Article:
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Constructions with Straightedge and CompassWe may not appear to have accomplished anything of significance yet concerning the theory of fields, but we have enough machinery to apply to several significant problems. In this section we will consider the problem of constructing geometrical figures using only a compass and a straightedge. For our purposes, a straightedge is a device which can be used only to draw a line between two points and a plane. It has no measurement capabilities. Such constructions were first considered by the Greek geometers and are probably familiar to the reader from a high school course in geometry. The Greeks posed three very interesting questions concerning constructibility which they were unable to solve: Problem 1: (Trisecting an Angle) Given an arbitrary angle , construct the angle /3, using only straightedge and compass. Problem 2: (Duplicating a Cube) Given an arbitrary cube C of volume V, construct a cube having volume 2V, using only straightedge and compass. Problem 3: (Squaring a Circle) Given an arbitrary circle C of area A, construct a square having area A, using only straightedge and compass. Our plan in this section is to first discuss the general problem of constructibility. From this discussion will emerge a powerful theory which will provide immediate solutions to Problems 1 and 2 and will point the way to a solution of Problem 3. It will turn out that all three problems have no solution. We will turn our attention to the construction of regular polygons. Let us first lay down the ground rules for our investigation. Let us restrict ourselves to plane constructions. Further, we will identify the Euclidean plane with the complex numbers, by identifying the point with coordinates Let us now reduce our geometric problem to an algebraic problem. It is clear that each geometric figure which we can construct can be defined by a finite number of points, line segments, and circular arcs. Let us describe a given geometrical figure by means of a family of complex numbers as follows: The finite number of points can be viewed as complex numbers as described above. A line segment is described by the complex numbers corresponding to its endpoints. A circular arc is described by four numbers: two corresponding to the endpoints of the arc, on corresponding to the center of the circle, and one equal to the length of the radius of the circle. It is clear that the numbers described are necessary and sufficient to construct the geometrical figure. Thus, let us henceforth think of a geometrical figure in terms of a collection of complex numbers describing points, lines and arcs in the figure. It is clear that in order to construct a given figure, it is both necessary and sufficient to be able to construct the line segments connecting
Definition 1: A complex number is said to be constructible if the line segment connecting From our above discussion we have Theorem 2: A geometrical figure is constructible if and only if each of the complex numbers describing it is constructible. Thus, our original question concerning constructibility of geometric figures is reduced to one concerning constructibility of complex numbers. Let C denote the set of all constructible complex numbers. We will give a moreorless complete description of C. Before proceeding further, let us recall some of the possible elementary constructions of Euclidean geometry. For the actual constructions refer back to high school geometry. Basic Constructions 1. Bisect a given angle. 2. Construct a line perpendicular to a given line segment L at a given point P on L. 3. Construct a line through a given point P which is parallel to a given line L. 4. Given line segments of lengths l and l', construct a line segment of length ll'. 5. Given a line segment of length l, construct a line segment of length 1/l. 6. Given a line segment of length l, construct a line segment of length . 7. Construct an angle equal to the sum of two given angles. Examples of some of these constructions are given in theappendices. Theorem 3: C is a subfield of C. Proof: Our assertion amounts to the following: If and are constructible, then so are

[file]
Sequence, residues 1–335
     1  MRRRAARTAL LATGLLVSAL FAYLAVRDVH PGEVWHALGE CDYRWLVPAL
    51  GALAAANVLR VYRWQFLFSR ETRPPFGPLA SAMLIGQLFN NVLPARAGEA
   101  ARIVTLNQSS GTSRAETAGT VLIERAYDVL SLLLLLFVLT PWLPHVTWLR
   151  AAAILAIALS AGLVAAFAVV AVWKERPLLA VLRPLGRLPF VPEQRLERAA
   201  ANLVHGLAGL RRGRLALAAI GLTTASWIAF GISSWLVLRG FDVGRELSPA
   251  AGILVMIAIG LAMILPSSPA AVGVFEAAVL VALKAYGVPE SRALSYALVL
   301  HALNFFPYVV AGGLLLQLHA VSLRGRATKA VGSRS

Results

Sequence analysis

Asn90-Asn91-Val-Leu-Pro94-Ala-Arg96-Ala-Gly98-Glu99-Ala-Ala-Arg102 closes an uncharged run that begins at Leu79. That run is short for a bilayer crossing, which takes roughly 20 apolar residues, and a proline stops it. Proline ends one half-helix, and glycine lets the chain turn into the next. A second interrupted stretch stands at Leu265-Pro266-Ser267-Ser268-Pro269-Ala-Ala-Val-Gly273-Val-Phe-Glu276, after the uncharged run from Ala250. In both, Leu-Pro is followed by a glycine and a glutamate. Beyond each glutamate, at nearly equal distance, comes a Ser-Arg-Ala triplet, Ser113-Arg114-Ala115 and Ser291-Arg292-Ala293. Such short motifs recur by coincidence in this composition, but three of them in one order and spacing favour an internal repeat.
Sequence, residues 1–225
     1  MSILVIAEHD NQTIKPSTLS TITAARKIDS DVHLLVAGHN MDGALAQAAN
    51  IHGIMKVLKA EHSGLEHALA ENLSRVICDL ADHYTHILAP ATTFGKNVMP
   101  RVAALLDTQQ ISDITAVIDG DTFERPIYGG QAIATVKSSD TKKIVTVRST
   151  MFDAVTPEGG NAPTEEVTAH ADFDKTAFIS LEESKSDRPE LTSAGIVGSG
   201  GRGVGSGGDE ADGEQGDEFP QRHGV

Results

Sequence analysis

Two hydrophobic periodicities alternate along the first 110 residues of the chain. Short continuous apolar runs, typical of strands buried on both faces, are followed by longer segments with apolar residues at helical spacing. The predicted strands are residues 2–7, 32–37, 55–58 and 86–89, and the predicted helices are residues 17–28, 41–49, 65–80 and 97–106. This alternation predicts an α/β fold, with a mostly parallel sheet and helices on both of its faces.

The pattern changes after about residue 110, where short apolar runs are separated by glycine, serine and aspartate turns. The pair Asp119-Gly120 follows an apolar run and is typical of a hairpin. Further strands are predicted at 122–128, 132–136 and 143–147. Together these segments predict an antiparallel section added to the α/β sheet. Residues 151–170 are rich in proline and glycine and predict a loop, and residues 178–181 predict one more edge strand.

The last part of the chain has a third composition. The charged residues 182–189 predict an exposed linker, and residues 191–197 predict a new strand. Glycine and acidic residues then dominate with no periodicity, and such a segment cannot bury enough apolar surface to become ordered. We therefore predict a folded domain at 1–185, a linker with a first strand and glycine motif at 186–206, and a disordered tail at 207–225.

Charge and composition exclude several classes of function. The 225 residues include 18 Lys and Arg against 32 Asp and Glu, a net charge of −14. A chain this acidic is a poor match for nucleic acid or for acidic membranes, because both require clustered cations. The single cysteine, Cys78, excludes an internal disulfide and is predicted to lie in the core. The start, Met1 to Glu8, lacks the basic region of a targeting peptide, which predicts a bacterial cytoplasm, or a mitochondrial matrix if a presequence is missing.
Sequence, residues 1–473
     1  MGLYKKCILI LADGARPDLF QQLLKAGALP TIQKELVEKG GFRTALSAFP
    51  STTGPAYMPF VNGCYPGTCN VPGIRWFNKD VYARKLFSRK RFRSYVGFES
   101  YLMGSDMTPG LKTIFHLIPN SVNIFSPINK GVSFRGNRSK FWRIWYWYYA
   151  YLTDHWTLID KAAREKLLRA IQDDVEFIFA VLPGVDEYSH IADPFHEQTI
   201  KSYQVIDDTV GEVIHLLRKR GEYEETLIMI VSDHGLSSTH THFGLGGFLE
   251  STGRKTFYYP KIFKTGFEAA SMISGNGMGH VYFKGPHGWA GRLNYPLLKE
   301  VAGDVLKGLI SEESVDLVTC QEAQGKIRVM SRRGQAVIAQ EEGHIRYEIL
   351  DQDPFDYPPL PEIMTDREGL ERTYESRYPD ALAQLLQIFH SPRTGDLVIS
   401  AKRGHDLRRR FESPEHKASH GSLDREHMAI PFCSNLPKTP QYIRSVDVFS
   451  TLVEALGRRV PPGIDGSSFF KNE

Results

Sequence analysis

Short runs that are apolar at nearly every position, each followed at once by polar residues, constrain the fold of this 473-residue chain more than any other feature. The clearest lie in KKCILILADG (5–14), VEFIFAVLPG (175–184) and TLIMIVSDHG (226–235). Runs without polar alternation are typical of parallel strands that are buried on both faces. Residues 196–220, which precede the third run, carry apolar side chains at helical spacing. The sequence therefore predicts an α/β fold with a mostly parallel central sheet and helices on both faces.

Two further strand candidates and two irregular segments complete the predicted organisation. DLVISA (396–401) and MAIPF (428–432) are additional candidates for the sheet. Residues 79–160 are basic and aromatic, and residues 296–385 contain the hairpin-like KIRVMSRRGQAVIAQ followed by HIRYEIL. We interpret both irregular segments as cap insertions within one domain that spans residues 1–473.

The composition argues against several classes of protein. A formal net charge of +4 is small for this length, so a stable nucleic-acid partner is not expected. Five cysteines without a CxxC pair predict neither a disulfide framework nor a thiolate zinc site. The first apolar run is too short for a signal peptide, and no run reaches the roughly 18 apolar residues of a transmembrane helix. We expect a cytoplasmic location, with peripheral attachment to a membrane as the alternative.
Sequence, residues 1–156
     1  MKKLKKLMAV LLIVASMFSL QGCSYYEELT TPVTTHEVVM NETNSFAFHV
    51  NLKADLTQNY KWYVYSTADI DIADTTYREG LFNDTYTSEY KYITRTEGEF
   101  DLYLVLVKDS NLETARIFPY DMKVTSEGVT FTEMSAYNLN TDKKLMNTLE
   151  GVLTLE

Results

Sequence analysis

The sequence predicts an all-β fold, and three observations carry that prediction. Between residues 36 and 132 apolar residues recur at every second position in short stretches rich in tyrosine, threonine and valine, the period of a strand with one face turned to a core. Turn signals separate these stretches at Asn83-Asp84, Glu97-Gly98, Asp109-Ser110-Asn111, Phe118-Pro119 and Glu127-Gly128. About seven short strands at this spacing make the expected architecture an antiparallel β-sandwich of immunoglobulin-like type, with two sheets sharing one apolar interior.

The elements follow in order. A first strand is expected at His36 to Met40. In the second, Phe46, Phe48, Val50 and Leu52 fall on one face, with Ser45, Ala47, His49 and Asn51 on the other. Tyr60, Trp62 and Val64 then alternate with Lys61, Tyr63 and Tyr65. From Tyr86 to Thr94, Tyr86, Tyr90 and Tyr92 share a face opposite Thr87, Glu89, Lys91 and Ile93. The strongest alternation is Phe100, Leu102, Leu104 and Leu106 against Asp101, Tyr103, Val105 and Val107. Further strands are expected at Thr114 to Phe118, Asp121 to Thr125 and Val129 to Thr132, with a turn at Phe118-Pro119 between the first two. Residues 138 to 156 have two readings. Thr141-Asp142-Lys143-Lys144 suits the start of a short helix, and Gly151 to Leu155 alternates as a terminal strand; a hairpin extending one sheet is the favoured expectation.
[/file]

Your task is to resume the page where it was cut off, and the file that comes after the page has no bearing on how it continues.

Figure 1: Construction of + .
In order to construct , construct as in Figure 2. Continue the line segment through the origin and on the continued portion measure off a segment of length , having O as one endpoint. Then the other endpoint of the measured segment is .
Figure 2: Construction of 
Let us construct
= r_{1}(cos_{1} + i sin_{1}).
= r_{2}(cos_{2} + i sin_{2}).
By de Moivre's theorem,
· = r_{1}r_{2}[cos(_{1} + _{2}) + i sin(_{1} + _{2})]
Thus, the line segment O · has length r_{1}r_{2} and makes an angle
Figure 3: Construction of ·
Finally, assume that
1/ = r_{2}^{1}(cos_{2} + i sin_{2})^{1}
= r_{2}^{1}[(cos_{2}  i sin_{2})/(cos^{2}_{2} + sin^{2}_{2})]
= r_{2}^{1}[cos(_{2}) + i sin(_{2})].
Thus, the line segment O^{1} has length r_{2}^{1} and makes an angle  with the positive Xaxis. The construction of this segment uses basic construction 5. Corollary 4: All rational numbers are constructible. Proof: We have bee given 1 as part as our initial data. Thus,
Proposition 5: Let Proof: Without loss of generality, assume that
= ± [cos(_{1}/2) + i sin(_{1}/2)].
Let us only consider the positive sign. The reasoning for the negative sign is similar. Then the line segment O is a line segment of length which makes an angle of _{1}/2 with the positive Xaxis. Therefore, can be constructed using basic constructions 1 and 6. Theorem 6: Let _{1},...,_{n} be complex numbers such that
_{1}^{2} Q,
_{i}^{2} Q(_{1},...,_{i1}) (2 < i < n).
Proof: By Corollary 4, every element of Q is constructible and by Proposition 5 and the assumption The amazing fact is that the converse is also true. We have Theorem 7: Let C be constructible. Then there exists a set of complex numbers {_{1},...,_{n}} such that